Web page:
So what is Carpentaria?  It will probably be a lot of things to a lot of people.  It’s a story of tension between black and white and between different tribes.  It’s an exploration of the importance of faith and history, an emphasis on the necessity of belonging.  It’s a description of how life can be, far from the centres of ‘civilisation’.  It’s a novel with a wonderfully-imaginative style of writing, an Australian variety of magical realism, asking the reader to suspend disbelief while making them wonder if perhaps, just perhaps, it could all be true…
While reading Carpentaria, I had a small scrap of paper at the back of my book, ready for any pearls of wisdom which might occur to me.  By the time I had finished reading, it was full of messy, scrawled fragments, too many to use in what has already become a lengthy, incoherent ramble.  Even without being subjected to my musings on the role of angels, ghosts and demons, the suggestion of parallels with the American deep south and a lengthy polemic on racism, it will be pretty clear to the reader of this post that Carpentaria is a book I enjoyed greatly.
But how to leave the book behind…  Well, I think a look at the name of one of our new friends will help us out here.  In one way, the name of the book’s main character sums the novel up pretty well as phantoms abound in the seas around Desperance.  In another though, it’s not terribly apt; you see, as I hope has become apparent by now, there’s definitely nothing normal about Carpentaria
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12 thoughts on “Stories from the Land, Stories from the Sea…

  1. Thanks for your review, Tony.

    I've heard a lot about Carpentaria, but have yet to read it. Your review has made me wish I'd put it on my challenge list. One reader told me the book lost her halfway through, and your review helps to explain why. But I enjoy magic realism and don't mind a slow pace where the story unfolds. (I think I'd also enjoy reading the messy scrawled fragments you jotted down!)

    Thanks, too, for participating in and promoting the Australian Women Writers 2012 challenge. Don't forget to ping @auswomenwriters on Twitter with links to your reviews or use the #AWW2012 hashtag. You might also like AWW Wednesdays when participants are encouraged to read and comment on other participants' reviews (links posted on the AWW challenge page in 2nd Mr Linky box).

    Hope you enjoy your next book as much as this one.

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  2. I tried to read this a few years ago but ended up giving up on it – something I very rarely do. I am trying to think if I got up to the 200 page mark but I don't think I did.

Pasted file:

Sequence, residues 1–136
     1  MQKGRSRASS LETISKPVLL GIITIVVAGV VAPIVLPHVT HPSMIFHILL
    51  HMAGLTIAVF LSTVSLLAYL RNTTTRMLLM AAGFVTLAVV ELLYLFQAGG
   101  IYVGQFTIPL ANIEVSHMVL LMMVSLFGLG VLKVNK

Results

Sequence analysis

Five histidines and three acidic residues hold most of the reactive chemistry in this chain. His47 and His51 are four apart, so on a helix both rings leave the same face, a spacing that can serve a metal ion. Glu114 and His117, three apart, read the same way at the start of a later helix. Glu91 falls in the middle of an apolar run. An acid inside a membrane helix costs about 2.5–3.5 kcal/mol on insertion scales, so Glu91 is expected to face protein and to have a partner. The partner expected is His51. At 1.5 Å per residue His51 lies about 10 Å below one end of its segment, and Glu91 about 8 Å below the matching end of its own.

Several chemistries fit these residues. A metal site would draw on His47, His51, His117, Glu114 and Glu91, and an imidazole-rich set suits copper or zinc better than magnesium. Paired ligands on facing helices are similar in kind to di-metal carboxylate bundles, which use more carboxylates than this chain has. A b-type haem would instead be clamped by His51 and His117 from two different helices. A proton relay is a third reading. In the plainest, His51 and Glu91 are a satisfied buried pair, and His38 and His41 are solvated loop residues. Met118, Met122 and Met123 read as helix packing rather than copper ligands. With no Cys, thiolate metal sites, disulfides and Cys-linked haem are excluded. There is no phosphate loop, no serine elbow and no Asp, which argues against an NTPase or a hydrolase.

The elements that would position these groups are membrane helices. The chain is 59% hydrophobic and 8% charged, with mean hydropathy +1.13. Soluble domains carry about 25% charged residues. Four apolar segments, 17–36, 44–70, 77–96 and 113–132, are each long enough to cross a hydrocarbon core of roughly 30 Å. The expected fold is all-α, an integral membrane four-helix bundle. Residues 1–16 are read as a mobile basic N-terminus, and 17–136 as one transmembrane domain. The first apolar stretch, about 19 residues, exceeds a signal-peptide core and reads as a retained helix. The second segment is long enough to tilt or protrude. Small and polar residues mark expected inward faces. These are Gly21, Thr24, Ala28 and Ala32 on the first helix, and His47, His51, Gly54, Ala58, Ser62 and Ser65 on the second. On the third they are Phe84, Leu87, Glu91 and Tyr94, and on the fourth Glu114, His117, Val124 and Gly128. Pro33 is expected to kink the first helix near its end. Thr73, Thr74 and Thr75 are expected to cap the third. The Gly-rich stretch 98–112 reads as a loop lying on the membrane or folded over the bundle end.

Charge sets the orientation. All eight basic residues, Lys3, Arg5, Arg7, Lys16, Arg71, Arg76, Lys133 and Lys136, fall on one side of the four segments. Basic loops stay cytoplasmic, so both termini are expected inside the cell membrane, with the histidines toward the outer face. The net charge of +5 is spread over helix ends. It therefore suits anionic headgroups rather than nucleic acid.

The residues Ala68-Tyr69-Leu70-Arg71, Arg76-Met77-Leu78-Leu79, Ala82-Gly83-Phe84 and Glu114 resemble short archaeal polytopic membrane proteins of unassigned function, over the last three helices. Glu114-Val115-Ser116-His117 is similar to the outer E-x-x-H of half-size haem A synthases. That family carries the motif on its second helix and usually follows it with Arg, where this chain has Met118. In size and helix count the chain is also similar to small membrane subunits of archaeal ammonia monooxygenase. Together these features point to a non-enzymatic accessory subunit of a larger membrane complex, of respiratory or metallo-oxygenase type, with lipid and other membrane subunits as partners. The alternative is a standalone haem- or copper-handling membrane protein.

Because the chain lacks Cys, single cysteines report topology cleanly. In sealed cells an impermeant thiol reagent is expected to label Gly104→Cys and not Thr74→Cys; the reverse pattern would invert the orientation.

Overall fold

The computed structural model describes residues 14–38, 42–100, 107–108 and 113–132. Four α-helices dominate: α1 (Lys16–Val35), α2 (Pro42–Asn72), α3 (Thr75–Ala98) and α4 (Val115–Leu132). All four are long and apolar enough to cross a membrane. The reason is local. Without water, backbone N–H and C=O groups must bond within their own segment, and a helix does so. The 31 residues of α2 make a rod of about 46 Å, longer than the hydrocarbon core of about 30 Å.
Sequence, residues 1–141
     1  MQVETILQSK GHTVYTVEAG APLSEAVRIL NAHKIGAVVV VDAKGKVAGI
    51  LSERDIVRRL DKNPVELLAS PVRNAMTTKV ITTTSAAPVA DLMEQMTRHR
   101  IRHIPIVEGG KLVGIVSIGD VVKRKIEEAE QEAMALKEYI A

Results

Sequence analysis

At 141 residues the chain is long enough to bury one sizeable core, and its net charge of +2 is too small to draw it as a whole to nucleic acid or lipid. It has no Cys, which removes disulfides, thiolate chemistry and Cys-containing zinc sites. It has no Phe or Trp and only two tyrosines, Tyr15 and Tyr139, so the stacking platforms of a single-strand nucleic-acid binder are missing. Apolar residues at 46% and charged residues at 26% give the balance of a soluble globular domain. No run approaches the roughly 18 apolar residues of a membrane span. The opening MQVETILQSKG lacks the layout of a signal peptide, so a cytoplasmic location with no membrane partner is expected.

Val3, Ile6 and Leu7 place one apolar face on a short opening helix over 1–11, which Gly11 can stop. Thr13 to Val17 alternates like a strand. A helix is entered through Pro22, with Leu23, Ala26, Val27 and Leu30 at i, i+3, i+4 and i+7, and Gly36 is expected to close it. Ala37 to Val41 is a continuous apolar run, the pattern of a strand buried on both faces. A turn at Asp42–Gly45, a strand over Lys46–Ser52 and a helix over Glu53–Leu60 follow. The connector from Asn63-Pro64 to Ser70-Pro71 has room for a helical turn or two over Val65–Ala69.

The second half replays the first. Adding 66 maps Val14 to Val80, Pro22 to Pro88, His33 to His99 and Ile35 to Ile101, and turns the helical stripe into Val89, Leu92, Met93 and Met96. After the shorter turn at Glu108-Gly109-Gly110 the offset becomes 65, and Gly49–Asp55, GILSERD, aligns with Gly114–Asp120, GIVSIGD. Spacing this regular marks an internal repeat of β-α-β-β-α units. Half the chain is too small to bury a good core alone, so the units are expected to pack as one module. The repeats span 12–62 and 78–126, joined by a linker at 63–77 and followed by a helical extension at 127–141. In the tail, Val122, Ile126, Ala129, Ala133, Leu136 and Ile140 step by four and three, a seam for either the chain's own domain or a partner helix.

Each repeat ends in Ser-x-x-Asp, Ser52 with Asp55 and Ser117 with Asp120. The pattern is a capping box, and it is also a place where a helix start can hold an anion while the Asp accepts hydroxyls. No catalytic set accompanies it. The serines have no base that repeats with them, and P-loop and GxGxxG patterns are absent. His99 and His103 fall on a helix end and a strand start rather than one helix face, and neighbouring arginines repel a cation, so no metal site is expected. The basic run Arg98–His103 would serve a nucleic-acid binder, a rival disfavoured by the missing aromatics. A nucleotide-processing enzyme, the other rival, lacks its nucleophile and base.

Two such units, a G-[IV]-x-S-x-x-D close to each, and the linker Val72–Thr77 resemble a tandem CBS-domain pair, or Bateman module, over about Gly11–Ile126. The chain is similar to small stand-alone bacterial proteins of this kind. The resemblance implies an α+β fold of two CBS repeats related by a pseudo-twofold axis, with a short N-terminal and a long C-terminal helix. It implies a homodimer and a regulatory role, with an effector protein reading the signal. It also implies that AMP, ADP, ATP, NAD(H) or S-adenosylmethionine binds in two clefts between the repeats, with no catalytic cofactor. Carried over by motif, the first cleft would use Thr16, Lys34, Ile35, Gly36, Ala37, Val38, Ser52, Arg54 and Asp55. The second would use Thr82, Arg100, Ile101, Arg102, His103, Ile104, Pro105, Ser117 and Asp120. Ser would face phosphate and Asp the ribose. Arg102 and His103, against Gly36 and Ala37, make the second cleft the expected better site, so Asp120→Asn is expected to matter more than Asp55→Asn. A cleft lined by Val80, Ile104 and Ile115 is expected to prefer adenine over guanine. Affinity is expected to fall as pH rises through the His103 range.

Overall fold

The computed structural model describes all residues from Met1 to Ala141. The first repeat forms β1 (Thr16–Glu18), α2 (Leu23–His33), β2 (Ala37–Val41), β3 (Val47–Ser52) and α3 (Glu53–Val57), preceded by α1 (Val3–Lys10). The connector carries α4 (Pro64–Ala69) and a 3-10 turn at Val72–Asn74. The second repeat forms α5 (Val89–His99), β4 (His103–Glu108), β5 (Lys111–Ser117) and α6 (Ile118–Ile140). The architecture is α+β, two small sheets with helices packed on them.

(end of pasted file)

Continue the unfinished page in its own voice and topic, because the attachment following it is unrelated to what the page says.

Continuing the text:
For me, at least, I think it made me work far too hard for far too little pay off. Maybe one day I will try again. Maybe not.

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  3. Good review, and having read this one for the challenge myself, I agree with every word. I was so stunned by the book my review is basically “it was good; everyone should read it”, so it's nice to see someone was able to be a bit more sophisticated about it than I was 🙂

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  4. Elizabeth – It's well worth reading; anyone who enjoys literary fiction should enjoy this 🙂

    I'll try to pop in on Wednesday too (assuming I remember!)

    Marg – Do try it again – I enjoyed the slow pace as much as the more plot-driven parts. It's an excellent example of good, Australian writing.

    Jo – As I mentioned, I had all those notes, so I had to use as much of it as possible! It is tempting to just say “Read it!” though, I agree 🙂

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  5. When I compiled my small Australian writers list (all from the TBR pile) I forgot so many. This is one of them and your review makes it gain a few positions on that pile. I don't think I've ever come across a form of Australian magical realism so that's another thing I'm looking forward to and the fact that it seesm one can't really nail this book. It will be very different depending on the reader.

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  6. Jo – Thanks 🙂 There's definitely a lot happening, too much to get down in one post anyway.

    Caroline – Each reader will take their own thoughts away from the book. In saying 'Australian Magical Realism', I'm referring mainly to the parts with Aboriginal characters, where there's a tendency to acknowledge that there is more to life than meets the eye, allowing reality to bend slightly without it disturbing the reader – but you'll have to see for yourself…

    Gary – No worries – all part of the service 🙂

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  7. Great review. I read Carpentaria several years ago and it took me a few false starts to get into it. But as you said, it is definitely worth it; a challenge, but one that pays off. I would have struggled to review it though, so I think yours is excellent.

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  8. Thanks 🙂

    A lot of people have said that it's hard to get into, but I'm not sure why. Perhaps there are expectations there that aren't initially fulfilled – I'm not quite sure what they are…